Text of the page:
A bill (SB 48) was enacted in Utah on March 10 that will create a task force to address Alzheimer's disease and other dementia in Utah. The task force will include 20 members, including somebody experiencing early-stages of dementia as well as a caregiver for a person with dementia. The task force is charged with assessing the current and future impact of Alzheimer's disease in Utah and developing recommendations for a November 2011 report. Utah joins 25 states that are currently developing Alzheimer's state plans, according to the Alzheimer's Association. For more information, visit:
The Salt Lake Tribune: "Alzheimer's task force created"
Utah State Legislature Website
Alzheimer's Association: State Legislation
California: Bills Introduced To Improve Paid Family Leave
Three bills were recently introduced in California to improve supports for family caregivers who take time off to care for a loved one. AB 59 will expand the definition of family under current law to include seriously ill adult children, siblings, grandparents, grandchildren, and parents-in-law. AB 804 would allow employees to receive a partial wage replacement when they must miss work to care for a seriously ill sibling, grandparent, grandchildren, or parent-in-law. SB 299, if passed, will ensure that employer-provided health care coverage is continued for women who take pregnancy leave under the pregnancy disability leave law. A recent report by Human Rights Watch found that the U.S. (other than New Jersey, California, and six cities) lags behind 178 other developed countries that have national laws guaranteeing paid maternity leave for mothers, while 50 countries also provide paid leave for new fathers. The U.S., Papua New Guinea, and Swaziland offer no legal guarantee of paid maternity leave, and only 11% of U.S. companies have opted to provide paid leave. While the Paid Family Leave Act does mandate the provision of unpaid, job-protected leave, it is only for eligible employees who have worked at least a year, have worked 1,250 hours, and who work for employers with 50 or more employees. For more information, visit:California Legislature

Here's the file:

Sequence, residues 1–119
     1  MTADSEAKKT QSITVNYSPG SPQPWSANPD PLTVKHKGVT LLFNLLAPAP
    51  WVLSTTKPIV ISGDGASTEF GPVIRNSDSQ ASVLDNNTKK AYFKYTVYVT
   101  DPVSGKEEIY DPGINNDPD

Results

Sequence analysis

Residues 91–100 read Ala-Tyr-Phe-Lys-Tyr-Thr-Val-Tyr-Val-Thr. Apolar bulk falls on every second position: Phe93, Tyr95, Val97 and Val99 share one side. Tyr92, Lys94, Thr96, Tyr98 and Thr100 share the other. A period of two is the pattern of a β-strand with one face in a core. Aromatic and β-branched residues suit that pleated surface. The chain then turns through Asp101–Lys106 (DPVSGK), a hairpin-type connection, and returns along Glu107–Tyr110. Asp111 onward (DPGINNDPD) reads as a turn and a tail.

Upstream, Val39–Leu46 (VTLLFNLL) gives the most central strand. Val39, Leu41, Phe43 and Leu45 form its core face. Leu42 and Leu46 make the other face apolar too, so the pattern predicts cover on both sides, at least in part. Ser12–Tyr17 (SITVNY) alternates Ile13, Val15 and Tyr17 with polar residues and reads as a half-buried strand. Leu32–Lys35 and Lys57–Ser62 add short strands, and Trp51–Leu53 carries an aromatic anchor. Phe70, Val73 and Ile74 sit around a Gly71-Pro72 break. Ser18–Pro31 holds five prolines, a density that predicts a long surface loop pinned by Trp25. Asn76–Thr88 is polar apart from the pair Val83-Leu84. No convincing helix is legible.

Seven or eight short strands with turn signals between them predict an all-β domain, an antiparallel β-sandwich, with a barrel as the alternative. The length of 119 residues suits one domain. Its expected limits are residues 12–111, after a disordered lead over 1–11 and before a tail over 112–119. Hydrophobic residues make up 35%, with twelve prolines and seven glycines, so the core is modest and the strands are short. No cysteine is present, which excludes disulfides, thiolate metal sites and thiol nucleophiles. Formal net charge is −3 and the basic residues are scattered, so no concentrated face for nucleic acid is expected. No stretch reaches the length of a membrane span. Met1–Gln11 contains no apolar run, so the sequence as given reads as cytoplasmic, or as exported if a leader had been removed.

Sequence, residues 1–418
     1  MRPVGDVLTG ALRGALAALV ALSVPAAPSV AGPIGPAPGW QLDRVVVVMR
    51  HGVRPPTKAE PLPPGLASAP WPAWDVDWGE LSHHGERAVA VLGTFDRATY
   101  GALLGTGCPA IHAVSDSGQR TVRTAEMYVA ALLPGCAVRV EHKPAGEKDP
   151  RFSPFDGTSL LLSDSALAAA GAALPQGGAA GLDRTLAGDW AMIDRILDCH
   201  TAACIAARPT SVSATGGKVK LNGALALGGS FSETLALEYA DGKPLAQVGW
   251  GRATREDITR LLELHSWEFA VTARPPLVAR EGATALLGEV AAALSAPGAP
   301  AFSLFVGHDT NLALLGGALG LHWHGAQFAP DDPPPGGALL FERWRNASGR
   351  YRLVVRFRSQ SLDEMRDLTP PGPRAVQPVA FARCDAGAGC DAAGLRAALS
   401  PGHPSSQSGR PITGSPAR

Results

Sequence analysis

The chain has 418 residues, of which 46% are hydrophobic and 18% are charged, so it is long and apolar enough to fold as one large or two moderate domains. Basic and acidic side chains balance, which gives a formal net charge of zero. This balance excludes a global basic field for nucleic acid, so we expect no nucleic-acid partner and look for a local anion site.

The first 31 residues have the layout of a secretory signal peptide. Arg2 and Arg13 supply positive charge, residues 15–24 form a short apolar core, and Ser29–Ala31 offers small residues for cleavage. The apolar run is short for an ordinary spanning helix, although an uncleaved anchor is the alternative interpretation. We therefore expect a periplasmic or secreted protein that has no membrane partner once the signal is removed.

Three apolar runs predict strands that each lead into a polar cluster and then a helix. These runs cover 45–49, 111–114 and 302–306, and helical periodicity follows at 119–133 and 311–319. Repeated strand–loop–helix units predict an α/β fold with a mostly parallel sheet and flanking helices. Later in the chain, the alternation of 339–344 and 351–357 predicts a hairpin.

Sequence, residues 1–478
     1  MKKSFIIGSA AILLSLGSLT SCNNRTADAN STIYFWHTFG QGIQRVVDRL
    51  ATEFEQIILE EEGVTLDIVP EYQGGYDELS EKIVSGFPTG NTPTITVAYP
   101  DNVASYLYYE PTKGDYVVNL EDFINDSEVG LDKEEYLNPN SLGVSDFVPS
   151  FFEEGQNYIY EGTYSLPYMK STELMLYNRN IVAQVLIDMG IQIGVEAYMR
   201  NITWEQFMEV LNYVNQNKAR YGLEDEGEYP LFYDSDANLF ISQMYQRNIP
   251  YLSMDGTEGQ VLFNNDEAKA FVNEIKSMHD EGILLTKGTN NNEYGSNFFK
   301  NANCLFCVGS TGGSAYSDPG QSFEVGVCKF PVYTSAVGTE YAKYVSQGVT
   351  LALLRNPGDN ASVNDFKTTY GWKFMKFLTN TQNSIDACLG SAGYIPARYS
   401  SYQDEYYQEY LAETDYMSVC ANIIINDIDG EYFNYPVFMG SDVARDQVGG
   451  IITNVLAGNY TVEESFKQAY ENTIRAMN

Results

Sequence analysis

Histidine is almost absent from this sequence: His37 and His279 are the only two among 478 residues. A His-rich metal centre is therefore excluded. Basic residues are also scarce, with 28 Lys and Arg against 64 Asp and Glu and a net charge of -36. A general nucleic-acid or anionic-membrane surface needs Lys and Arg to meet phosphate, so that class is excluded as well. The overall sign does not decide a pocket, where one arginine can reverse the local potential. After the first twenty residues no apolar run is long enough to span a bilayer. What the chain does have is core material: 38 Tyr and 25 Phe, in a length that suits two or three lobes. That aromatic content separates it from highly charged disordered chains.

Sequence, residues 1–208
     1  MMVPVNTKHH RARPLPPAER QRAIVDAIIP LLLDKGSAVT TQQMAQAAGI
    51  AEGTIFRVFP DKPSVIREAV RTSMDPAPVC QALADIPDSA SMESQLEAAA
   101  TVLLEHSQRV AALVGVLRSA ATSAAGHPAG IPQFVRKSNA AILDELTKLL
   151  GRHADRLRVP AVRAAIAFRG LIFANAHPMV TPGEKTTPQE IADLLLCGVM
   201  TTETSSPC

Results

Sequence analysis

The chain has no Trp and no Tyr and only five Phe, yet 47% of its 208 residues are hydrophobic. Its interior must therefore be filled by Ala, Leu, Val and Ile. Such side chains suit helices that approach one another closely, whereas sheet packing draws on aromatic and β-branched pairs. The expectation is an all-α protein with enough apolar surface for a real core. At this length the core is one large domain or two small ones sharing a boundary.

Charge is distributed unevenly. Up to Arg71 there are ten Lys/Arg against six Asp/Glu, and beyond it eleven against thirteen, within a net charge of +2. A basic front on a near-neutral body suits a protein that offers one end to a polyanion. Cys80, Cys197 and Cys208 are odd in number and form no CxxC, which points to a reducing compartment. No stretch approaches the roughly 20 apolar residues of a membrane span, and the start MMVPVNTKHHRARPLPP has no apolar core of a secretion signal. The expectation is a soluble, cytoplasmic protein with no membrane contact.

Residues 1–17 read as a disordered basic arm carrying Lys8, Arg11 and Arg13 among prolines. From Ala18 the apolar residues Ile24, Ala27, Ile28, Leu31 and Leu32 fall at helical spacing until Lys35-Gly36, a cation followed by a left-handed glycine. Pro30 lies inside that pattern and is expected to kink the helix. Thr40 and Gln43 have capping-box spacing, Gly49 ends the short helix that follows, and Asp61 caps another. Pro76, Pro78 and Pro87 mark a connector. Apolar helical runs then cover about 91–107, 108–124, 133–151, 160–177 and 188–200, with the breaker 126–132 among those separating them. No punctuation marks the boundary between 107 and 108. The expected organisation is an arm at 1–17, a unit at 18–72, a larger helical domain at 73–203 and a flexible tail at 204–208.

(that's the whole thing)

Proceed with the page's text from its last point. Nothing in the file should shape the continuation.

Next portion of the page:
Human Rights Watch: "Failing Its Families: Lack of Paid Leave and Work-Family Supports in the U.S."
NY: Medicaid Recommendations Move Forward, Including Wage Parity